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Phxguy66
04-12-2011, 04:18 AM
Hi all-
I've been a member for awhile, and been lurking closely. One question I've been dying to ask (and the answer to which I've so far been unable to locate by searching), is this:
For all of you that thread Savage barrels, do you use a v-bit, or is there a special tool for this particular thread? You see, I recently got a great deal on a 13x36 gunsmith lathe, and I would like to start messing around with chambering and threading some barrels, just as a hobby.
Any input and feedback would be greatly appreciated, just please take it easy on me...:)

frwillia
04-12-2011, 06:19 AM
Hi all-
I've been a member for awhile, and been lurking closely. One question I've been dying to ask (and the answer to which I've so far been unable to locate by searching), is this:
For all of you that thread Savage barrels, do you use a v-bit, or is there a special tool for this particular thread? You see, I recently got a great deal on a 13x36 gunsmith lathe, and I would like to start messing around with chambering and threading some barrels, just as a hobby.
Any input and feedback would be greatly appreciated, just please take it easy on me...:)

All the Savages I've done were 20 tpi with normal 60 degree thread profile. I use a threading tool bit to cut them (see picture), not a V-bit turning tool. I use a good high sulfur cutting oil for threading.

I'd highly recommend that you get Richard Franklin's DVD Metal Working for a Rifle Smith, Gordy Gritter's DVDs, and Hinnant's excellent book. You will need some tooling, much of which you can make with a lathe and drill press. Not sure what your machining skills are, but making some tooling will give you a chance to learn if you are just starting out.

Finally, do a search on this forum and the Practical Machinist Gunsmithing forum on "chambering" and another on "aligning". With a bit of luck you will find enough information that you can cut and paste it into an MS-Word document and make your own book on chambering, tools, alignment of blanks in the head stock, tooling (reamer pusher for example). There is a ton of information on the two forums - you will be able to sort out what makes sense and what doesn't after a while. 15 or 20 hours doing this sort of research combined with the videos and making some tooling will do a lot to get you up to speed.

Fitch

PS: I ended up compiling a reference that's over 200 pages from the forums mentioned. Much of the benefit comes from compiling your own.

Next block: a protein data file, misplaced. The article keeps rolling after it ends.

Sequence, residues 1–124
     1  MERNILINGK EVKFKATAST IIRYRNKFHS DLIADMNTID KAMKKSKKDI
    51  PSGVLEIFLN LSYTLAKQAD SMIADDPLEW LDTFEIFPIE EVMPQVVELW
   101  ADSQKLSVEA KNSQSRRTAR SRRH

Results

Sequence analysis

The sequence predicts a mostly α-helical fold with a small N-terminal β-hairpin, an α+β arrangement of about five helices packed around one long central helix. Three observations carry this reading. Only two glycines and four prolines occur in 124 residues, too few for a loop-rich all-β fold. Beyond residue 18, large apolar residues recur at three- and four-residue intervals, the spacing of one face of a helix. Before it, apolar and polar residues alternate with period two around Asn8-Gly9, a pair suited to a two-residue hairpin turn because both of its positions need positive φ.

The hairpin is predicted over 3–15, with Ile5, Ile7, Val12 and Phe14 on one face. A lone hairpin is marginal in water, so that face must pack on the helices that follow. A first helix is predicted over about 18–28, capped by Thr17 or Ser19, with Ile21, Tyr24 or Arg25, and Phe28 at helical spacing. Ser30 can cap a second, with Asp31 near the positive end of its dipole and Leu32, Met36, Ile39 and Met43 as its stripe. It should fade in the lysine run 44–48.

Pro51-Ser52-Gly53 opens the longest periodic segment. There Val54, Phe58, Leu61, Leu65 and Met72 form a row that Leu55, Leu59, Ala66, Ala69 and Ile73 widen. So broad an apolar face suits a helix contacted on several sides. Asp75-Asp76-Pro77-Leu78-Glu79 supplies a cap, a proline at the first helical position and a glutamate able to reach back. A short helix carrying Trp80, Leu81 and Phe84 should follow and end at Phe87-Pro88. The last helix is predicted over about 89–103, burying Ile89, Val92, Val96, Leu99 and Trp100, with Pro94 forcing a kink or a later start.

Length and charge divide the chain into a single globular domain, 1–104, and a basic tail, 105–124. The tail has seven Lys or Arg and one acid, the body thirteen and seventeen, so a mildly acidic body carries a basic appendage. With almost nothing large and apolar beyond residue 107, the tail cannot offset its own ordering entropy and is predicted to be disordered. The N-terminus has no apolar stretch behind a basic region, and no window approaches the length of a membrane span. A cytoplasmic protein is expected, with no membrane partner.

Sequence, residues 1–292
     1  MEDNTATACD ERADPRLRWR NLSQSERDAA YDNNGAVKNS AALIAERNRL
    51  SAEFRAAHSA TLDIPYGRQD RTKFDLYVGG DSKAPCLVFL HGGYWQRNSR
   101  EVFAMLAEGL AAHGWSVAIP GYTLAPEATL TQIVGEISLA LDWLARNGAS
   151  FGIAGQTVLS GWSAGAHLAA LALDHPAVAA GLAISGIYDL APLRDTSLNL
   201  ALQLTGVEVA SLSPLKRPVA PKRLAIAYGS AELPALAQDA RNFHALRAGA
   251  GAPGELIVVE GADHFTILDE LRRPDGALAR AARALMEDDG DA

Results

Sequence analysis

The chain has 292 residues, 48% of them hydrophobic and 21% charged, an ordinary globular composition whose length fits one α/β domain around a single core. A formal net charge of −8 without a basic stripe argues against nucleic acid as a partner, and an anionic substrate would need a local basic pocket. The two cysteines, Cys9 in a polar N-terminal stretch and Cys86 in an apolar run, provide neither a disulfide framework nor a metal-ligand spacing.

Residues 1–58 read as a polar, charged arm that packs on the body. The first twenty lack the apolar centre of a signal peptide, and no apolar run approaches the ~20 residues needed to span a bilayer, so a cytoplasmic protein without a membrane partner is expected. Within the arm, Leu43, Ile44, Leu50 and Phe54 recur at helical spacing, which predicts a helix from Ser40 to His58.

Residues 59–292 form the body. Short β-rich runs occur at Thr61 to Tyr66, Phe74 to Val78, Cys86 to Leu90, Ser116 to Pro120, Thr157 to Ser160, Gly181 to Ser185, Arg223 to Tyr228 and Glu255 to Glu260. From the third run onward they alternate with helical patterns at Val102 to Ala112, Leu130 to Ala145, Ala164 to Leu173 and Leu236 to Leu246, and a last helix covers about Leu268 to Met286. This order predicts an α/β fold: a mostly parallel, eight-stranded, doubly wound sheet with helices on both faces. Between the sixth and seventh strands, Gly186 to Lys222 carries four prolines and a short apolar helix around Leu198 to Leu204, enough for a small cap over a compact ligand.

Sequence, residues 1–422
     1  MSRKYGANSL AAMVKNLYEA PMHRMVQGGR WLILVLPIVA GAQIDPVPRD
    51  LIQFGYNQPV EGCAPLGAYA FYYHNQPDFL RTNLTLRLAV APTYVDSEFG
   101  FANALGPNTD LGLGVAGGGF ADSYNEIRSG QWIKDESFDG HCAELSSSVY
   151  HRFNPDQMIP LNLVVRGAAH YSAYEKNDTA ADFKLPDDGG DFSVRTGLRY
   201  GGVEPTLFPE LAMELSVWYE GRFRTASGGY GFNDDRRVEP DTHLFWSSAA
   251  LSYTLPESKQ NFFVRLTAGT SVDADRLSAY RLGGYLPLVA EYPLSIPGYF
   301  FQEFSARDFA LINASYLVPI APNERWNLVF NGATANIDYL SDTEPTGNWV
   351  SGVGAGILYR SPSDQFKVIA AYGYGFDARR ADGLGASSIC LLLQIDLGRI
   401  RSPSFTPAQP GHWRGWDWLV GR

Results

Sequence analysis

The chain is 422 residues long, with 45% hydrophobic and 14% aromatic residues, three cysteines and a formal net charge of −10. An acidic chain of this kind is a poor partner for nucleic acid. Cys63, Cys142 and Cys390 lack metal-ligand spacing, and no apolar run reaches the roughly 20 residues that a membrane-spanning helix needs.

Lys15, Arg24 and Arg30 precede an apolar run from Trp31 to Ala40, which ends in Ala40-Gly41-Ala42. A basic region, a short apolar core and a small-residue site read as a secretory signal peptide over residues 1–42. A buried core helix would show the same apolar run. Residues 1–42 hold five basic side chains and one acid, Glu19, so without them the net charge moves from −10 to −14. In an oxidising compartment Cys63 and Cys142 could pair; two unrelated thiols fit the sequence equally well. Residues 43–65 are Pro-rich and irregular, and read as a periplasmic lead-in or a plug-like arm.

frw
http://i22.photobucket.com/albums/b336/frwillia/readytotocutthreads-A-RS-1.jpg

B.Johnson
04-13-2011, 09:17 PM
On center fire benchrest I have a photo under Savage bolt head on a Rem. bolt. It is a grinding jig for grinding high speed steel cutting bit's for threading. You cannot grind a improper bit with this tool. Forget tungsten insert's for threading a barrel. Your lathe is not rigid enough for insert's. Use a proper ground bit, a dedicated tool post for your lathe, run the machine in reverse, and threading becomes just another turning operation. I forgot to mention! to thread in reverse the cutting bit must be upside down, and of course on center

frwillia
04-13-2011, 09:56 PM
On center fire benchrest I have a photo under Savage bolt head on a Rem. bolt. It is a grinding jig for grinding high speed steel cutting bit's for threading. You cannot grind a improper bit with this tool. Did you make that sharpening jig? If so, you you have a sketch of it with dimensions you would be willing to share?

Ah, I found it here: http://www.gadgetbuilder.com/ThreadingTools.html I think I also have Martin Cleeve's book someplace ...

Thanks
Fitch

B.Johnson
04-13-2011, 10:37 PM
frwillia: Follow Martin Cleeve's direction's. That tool is simple to make, and well worth the time. You will need a proper grinding toolrest as shown in his direction's. That book is the best I have found on threading. Follow his simple direction's on measuring using the three wire method. You will be surprized at the quality of thread you will be producing. As I said, it will become just another turning operation.

alinwa
04-14-2011, 02:55 AM
And now for something completely different...... ;)

I've always had less problem with grinding to shape than with burning the fine tip of the bit JUUUSST as it gets right. Just a split second too long and BOOM, you gotta' start all over....